A few days ago, my second episode on Cooking Possible aired, and this time, the theme was all about rice. It’s one of the most basic ingredients in Korean cuisine, but maybe that’s why it’s also so tricky to work with. It’s easy to get the simple things wrong! The second challenge in this episode was to recreate Korean bibimbap with Indian ingredients—it was tricky but I think this turned out well! If you’re in India and craving the flavor of Korean gochujang, this recipe uses the fermented and gamchil (umami) flavors of Indian soy sauce and tomatoes. It’s based off of an Indian chutney recipe, so it should be pretty familiar to Indian readers. Besides, these ingredients are pretty widely available around the world, so just about anyone could give it a go. Enjoy!
1 one-kilo whole chicken, 100g white onion, 50g celery, 50g carrot, 1 tsp whole black pepper, 1 bay leaf
For Indian gochujang:
100g cherry tomatos (well ripened), 30g garlic (freshly peeled), 100g red onion, 3 tsp Kashmiri chili powder, 2 tsp soy sauce, 1 tsp chili flakes, 1 tsp salt
2 cups basmati rice, 4 cups chicken stock
60g mung bean sprouts, 60g white button mushroom, 100g eggplant, 200g chicken breast, 60g onion, 60g green bean, 3 eggs, 60g zucchini, 60g cucumber
salt, vegetable oil, sesame oil, black pepper
For chicken marinade:
4 tsp soy sauce, 2 tsp sugar, 1 tsp chopped garlic, drizzle of sesame oil
1. Separate the chicken breast and set aside. Use the remaining carcass for your chicken stock. Boil the carcass with the other stock ingredients for about 2 hours. Strain it and keep the stock.
2. To make Indian gochujang, roughly chop and sauté the onion and garlic until the onion becomes translucent. Add the tomato and chili powder and keep sautéing. When they are mostly cooked you can blend the ingredients together in a blender.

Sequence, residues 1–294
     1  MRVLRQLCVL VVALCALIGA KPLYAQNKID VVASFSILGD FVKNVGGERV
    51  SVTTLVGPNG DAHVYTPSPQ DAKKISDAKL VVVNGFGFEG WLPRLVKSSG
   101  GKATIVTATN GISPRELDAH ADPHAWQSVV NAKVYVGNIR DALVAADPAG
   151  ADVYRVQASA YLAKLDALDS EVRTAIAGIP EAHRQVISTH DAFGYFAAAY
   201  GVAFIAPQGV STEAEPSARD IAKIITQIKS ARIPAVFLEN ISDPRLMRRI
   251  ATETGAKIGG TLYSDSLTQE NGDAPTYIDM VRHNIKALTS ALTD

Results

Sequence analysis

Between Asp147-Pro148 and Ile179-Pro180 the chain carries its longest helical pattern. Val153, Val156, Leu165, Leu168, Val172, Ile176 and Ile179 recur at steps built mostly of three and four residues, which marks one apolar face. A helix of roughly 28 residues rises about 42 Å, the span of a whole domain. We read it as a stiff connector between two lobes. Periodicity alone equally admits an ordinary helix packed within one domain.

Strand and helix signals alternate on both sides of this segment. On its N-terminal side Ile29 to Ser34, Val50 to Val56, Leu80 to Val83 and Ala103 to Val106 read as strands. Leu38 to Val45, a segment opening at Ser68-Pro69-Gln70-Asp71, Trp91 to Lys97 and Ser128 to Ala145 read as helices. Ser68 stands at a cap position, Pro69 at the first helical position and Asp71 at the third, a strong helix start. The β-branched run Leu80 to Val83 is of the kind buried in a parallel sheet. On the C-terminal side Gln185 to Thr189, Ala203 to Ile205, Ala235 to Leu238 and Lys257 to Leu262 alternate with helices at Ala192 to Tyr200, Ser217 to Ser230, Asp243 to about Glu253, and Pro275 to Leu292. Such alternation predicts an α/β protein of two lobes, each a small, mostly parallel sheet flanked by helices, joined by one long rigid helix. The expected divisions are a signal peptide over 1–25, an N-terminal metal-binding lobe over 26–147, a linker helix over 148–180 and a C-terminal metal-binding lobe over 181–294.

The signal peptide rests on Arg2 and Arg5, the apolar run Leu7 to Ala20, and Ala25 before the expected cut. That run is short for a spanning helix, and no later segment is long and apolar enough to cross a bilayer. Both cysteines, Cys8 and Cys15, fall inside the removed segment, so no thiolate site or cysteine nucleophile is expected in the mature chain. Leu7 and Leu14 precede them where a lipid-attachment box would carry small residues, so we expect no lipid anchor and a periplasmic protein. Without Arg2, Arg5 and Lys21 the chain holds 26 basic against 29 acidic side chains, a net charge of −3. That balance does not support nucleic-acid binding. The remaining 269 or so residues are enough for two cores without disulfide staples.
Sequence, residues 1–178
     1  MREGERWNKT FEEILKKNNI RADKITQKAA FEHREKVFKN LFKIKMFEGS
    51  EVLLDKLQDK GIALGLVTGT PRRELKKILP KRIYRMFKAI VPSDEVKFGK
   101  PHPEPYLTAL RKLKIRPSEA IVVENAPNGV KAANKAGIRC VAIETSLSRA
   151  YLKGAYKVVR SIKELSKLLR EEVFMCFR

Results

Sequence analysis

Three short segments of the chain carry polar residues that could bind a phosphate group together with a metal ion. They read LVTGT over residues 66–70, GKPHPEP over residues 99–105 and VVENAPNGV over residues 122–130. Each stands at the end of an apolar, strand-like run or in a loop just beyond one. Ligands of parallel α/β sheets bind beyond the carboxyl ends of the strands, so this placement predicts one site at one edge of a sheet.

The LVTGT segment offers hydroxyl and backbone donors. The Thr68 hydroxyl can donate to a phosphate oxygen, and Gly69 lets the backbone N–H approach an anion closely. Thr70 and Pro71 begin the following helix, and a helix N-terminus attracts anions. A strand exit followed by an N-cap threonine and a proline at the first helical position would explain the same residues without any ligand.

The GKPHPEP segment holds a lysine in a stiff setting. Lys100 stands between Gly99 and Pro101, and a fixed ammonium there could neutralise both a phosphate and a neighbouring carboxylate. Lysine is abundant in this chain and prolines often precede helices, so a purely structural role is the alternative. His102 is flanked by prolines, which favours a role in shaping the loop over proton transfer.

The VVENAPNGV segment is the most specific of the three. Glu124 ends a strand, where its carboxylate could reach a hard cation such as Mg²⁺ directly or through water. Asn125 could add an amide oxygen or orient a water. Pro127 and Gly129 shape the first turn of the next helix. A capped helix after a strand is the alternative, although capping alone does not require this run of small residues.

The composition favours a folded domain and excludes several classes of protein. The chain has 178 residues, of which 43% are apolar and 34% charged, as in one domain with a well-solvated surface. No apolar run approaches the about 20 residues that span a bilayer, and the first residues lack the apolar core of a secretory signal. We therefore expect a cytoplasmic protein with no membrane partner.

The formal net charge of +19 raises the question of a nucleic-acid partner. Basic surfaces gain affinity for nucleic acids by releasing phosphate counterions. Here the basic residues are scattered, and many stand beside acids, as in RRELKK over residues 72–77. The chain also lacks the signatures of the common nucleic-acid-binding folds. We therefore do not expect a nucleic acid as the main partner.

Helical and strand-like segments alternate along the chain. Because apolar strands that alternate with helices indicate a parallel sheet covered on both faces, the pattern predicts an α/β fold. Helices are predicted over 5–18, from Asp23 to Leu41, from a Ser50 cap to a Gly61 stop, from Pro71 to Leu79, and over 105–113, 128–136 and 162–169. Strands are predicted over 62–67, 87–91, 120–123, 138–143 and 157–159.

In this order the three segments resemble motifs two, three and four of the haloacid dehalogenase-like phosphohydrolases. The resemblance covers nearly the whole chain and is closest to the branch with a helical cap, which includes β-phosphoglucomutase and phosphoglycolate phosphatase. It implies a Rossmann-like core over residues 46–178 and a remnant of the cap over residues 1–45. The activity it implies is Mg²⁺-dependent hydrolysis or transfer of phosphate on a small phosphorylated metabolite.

3. Use a mandolin to slice your cucumber into thin circles (not paper thin, around 1mm) and cure with a little bit of salt. After 20 minutes, squeeze out excess moisture and set aside.
4. Marinate the chicken breast in the ingredients listed above.
5. Cook your rice using the chicken stock in place of plain water.
6. Blanch your mung bean sprouts and green beans and shock them in an ice bath. Slice the green beans diagonally into thin strips. Squeeze out some of the moisture from the mung beans and season with a little bit of salt and sesame oil.
7. Julienne the rest of the vegetables (onion, eggplant, zucchini, carrots and white button mushrooms) and sauté with a mixture of vegetable oil and sesame oil. Season with salt and pepper.
8. Separate the egg yolks and whites and whisk each. Dab a paper towel in some vegetable oil and coat a non-stick frying pan well with the oil. Start with the yolks on medium-low heat—spread the whisked yolks thinly on the pan (around 2mm or so). When the color becomes half-opaque, flip, cook for 10 seconds and remove from the pan. Then do the same for the egg whites. You shouldn’t have any brown spots on your egg crepes. Once they’ve cooled, julienne them. You’ll have extra egg leftover, but cooking just one yolk and one white at a time tends to give you uneven results. The amount you use is up to you.
9. Sauté your marinated chicken breasts with the mixture of vegetable and sesame oil on high heat. Try to get a nice golden-brown color.
10. Place your rice in a nice bowl and decorate with your vegetables and chicken, adding a spoonful of the Indian gochujang in the center. Garnish with a handful of cucumber then the julienned egg crepe above the gochujang.
You can watch the full episode here: